Aircraft ground support equipment is designed to last for years. Many years of hard use, years of unrelenting physical conditions, years of abuse at the hands of inexperienced operators. GSE is designed to withstand years of abuse, but it does eventually require updating. The question is whether you should purchase a replacement or should you lease? This question is not a one-size-fits-all question: it depends entirely on the scope of your operation, your finances, and the scope of your needs. We will dissect the ins and outs of purchasing GSE and help you determine if it is right for you.
What are the Reasons to Update Equipment?
GSE will last many years, but it is not limitless. At some point, you will have to figure out how and when to replace it, but why? Unfortunately, there are too many variables to explore thoroughly why an operation needs to update its GSE.
Knowing that all operations are very different, we can better understand why GSE would be updated and need to be updated.
An FBO housing corporate jets in the main hangar will have different GSE needs over an airline hub terminal at a major airport, with additional requirements over a central maintenance facility.
Probably the most challenging environment for GSE is airline terminals. Specifically, this is aimed at aircraft tugs. Airline terminals are bustling places: on average, over ten million flights annually in the U.S. alone, which amounts to nearly 28,000 flights per day. Without getting into the nitty-gritty, only a handful of hubs handle the bulk of these flights every day. Airliners' turnaround times generally vary from less than an hour to less than two hours, so aircraft tugs are used a lot.
These tugs are often used down the line at the terminal, so they may remain running all day, most days. However, units used in these operations will undoubtedly wear out quite a bit faster than those being used.
Corporate hangars are a completely different animal than an airport terminal hub. Corporate jets are generally used in a much different manner than line jets for the airlines, which are run nonstop until the airframe times out.
Corporate jets are scheduled much more on an as-requested basis, and they are stored at non-hub airports, often referred to as industrial or executive airports. These are usually located adjacent to large cities that have a hub airport. The executive airport is precisely that: it is an airport that caters to corporate and private jets to afford executive travelers a faster service with far less competition getting in and out of the airspace, as well as less congestion on the ground.
The GSE used in support of corporate jets at these locations is usually housed and maintained in a large bay hangar, typically with a mix of other, unlike aircraft. The goal of the FBO is to cram as many jets and planes in there as possible to maximize the use of space (and profits). As a result, their GSE is much less likely to wear out from use but more likely to require replacement due to obsolescence.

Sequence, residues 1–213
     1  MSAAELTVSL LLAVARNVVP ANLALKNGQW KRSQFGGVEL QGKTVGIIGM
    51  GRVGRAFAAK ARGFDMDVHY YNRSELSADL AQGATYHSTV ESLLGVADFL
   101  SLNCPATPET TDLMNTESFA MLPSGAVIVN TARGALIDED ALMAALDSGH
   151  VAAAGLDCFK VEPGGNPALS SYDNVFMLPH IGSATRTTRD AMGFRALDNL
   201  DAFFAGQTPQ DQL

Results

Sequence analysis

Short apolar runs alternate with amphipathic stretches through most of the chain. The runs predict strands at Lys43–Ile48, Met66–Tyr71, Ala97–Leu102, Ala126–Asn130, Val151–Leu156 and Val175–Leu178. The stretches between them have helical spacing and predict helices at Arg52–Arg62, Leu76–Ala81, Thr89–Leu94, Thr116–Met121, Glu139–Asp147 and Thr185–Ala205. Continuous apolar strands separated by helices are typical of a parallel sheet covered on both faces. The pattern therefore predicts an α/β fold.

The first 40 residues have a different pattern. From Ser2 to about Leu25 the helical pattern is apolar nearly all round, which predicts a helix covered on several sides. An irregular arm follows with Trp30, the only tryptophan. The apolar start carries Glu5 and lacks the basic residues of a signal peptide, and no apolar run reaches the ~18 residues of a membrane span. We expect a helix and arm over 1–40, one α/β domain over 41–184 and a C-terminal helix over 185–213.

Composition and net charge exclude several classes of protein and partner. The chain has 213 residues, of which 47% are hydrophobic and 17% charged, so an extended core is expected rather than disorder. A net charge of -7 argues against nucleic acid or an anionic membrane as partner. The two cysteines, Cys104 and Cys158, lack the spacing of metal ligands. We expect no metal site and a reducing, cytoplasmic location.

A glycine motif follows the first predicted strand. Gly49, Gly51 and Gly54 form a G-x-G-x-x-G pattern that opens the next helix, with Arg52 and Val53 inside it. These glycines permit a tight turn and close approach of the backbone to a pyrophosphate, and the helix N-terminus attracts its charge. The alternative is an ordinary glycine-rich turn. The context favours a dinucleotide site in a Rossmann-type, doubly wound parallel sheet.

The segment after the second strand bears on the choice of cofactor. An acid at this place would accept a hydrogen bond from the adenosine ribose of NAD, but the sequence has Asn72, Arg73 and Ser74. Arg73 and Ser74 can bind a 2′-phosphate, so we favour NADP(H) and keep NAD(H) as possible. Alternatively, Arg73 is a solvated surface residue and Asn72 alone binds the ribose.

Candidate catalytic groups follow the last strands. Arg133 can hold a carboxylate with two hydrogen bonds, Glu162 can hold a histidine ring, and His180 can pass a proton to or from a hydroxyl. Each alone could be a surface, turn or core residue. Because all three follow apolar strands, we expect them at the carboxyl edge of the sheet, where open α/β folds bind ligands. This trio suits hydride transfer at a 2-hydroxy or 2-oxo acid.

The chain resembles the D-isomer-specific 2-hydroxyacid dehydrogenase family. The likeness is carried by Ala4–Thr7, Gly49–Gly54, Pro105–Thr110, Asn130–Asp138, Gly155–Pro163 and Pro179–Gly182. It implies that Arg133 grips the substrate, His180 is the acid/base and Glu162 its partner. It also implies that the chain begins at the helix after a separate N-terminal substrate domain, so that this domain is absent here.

This type of parking aircraft is particularly cumbersome if using a traditional tug and towbar setup; these units require considerable space to execute their turns and are primarily inefficient by design. Consequently, they are best suited for prolonged, open areas and poorly suited for confined areas. A remote control tug is a vastly superior solution.
An MRO center uses a highly diverse and technical array of GSE, far beyond the requirements of an airline terminal. As a result, MROs require many GSE items, both powered and unpowered, which are not necessarily used uniformly. For instance, an A/C power unit may be run for many hours on end while an aircraft tug is only operated for a short duration to move aircraft in and out.
A lot of the GSE at an MRO facility is specialized equipment (air conditioning units, hydraulic test stands, air start carts). This equipment is expensive, very technical, and some of it is airframe specific.
The more generic GSE items, namely aircraft tugs, will receive use on a basis similar to that of a corporate operation.
Are There Any Other Options?
Considering the high price of acquisition of GSE, especially considering the lack of frequency that they may be used, some operators may wish to pursue other options besides new equipment. This is a perfect position to pursue because GSE is designed to be used for many years.
There are few options available on the market for purchasing either straight used equipment or refurbished equipment that has been thoroughly gone through, cleaned and degreased, and generally repainted.